Winnipeg Free Press - PRINT EDITION

It's time to heal, learn from past experience

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Dear Miss Lonleyhearts: I won't have anybody in my life this Valentine's Day. My heart feels like a baseball in my chest -- heavy, no emotions -- except if some guy cuts me off in traffic. Last year I wrote you, and I was going crazy because my wife wanted to leave me. I needed to leave her, too -- but just couldn't. At that point she was not making love with me for two years, and barely talking to me. You could hear the damn clock ticking. The kids were gone, and so was the woman I married, most evenings. Finally she just got an apartment secretly, and told me she was leaving. It was kind of a relief.

Now that we're split, I feel like I'm at zero instead of "minus 1,000" (As a faithful reader, I know you like relationship math.) Next year I hope to be at plus 1,000. I don't mean to sound depressed. I'm just very alone and need a blueprint of some kind. I'm very good at my career, but not good at this. -- Well-Known Winnipegger, Downtown

Dear Well-Known: Being known isn't terribly helpful in your situation, since people think you already have a big life and all the friends you can handle (sincere or otherwise). You'll need to let down your guard and allow people to know you're open to meeting new buddies, and nice women to date.

So here's a plan: 1) No matter how adjusted you think you are, you need a few debriefings with a psychologist or relationship counsellor now your marriage is over. 2) Join sports and clubs where you make male friends of your own that have nothing to do with any women who come in and out of your life -- buddies for life. Look up old friends you knew before your wife, as part of that project. Also get into social sport stuff like a running club, hockey or golf, take lessons and join the club. 3) Travel, but not to all-inclusives populated by families and couples. Travel for adventure or to do charity work, or to help crew a sailboat or climb a mountain. 4) Don't listen to married guys' advice. Starting a new social and love life is not anything like "jumping right back on the horse" as they like to say.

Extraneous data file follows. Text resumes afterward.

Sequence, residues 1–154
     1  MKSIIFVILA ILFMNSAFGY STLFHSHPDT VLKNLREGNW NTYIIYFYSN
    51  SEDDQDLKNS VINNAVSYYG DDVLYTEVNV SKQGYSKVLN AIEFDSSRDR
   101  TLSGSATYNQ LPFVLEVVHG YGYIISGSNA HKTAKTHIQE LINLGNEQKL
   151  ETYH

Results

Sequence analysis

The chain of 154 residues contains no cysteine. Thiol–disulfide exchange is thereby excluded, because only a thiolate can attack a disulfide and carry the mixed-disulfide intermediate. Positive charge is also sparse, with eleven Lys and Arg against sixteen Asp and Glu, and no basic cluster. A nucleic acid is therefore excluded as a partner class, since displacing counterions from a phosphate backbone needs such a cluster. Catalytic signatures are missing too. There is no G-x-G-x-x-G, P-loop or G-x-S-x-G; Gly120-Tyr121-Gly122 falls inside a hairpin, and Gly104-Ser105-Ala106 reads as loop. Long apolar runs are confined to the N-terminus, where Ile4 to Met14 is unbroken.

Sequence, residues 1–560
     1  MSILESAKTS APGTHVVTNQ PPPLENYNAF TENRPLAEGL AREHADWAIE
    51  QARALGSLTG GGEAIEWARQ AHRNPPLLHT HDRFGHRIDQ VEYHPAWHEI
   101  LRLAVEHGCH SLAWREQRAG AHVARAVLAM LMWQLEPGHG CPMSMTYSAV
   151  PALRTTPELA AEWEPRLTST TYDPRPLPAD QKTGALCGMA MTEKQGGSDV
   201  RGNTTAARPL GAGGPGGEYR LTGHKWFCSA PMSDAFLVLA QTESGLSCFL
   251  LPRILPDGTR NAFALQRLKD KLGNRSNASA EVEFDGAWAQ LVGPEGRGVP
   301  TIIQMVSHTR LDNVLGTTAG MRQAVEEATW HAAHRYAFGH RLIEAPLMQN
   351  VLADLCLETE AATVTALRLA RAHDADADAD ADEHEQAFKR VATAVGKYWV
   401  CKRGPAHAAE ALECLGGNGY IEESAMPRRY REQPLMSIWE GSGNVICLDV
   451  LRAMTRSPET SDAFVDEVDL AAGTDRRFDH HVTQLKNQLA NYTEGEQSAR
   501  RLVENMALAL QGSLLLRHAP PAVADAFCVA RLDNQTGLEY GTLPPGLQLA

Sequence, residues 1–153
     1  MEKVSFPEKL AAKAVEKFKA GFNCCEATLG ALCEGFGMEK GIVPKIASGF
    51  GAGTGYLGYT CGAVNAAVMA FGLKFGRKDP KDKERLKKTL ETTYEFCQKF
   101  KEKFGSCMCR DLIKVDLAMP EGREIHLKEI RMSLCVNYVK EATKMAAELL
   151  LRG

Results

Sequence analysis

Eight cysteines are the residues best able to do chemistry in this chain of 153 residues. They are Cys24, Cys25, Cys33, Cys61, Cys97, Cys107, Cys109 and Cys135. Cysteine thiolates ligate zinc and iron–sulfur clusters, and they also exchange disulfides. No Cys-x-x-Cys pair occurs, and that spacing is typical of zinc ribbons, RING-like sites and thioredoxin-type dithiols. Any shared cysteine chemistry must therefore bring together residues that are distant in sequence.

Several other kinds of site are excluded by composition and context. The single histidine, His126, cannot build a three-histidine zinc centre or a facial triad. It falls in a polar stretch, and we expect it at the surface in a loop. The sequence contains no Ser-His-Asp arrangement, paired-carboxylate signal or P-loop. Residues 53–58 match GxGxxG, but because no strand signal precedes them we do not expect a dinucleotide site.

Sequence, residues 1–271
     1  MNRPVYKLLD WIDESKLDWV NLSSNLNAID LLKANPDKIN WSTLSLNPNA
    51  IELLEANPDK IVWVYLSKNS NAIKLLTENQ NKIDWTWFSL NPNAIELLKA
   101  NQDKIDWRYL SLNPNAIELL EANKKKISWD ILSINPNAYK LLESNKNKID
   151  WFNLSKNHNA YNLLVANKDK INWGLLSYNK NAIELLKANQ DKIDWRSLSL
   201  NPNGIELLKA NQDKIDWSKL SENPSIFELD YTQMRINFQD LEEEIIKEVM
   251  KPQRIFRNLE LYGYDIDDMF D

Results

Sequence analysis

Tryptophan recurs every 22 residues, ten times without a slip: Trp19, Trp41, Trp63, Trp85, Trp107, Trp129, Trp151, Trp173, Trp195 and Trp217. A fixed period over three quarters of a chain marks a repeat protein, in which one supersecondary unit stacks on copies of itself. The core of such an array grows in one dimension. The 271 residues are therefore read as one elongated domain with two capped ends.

You need to heal and learn from the broken relationship and grow in a healthy direction. Then start dating casually and then go for a serious relationship. Consider taking the course Rebuilding When Your Relationship Ends (204-775-3484) offered locally every few months. People learn a lot, and make very good friends there.


Dear Miss Lonelyhearts: About five years ago I started making a big deal out of Valentine's Day as an experiment. I was kind of cynical about it and was actually hoping to prove it was all garbage and I could go back to my slothful ways. So, I laid it on thick and shocked my wife -- breakfast in bed before work, flowers delivered to her office, the kids off to grandma's for the night, me cooking a winter barbecue on our deck while she soaked in the hot tub to a gift of music she loved (new CDs) plus a card with heartfelt appreciation inside.

She was so sincerely touched, we had the best sex in years, initiated by her, I might add. Our marriage rocked for months after that. She kept saying, "I didn't know you loved me so much." This year I'm giving her a custom ruby ring -- her red birthstone surrounded by diamonds, which she got to design herself, with a jeweller. Call me Mr. Valentine. I know what's good for me -- my wife, feeling supremely loved! -- Mr. Valentine

Dear Mr. Valentine: Nice going! Keep up the good work and live happily ever after with the love of your life.

Republished from the Winnipeg Free Press print edition February 14, 2014 D4

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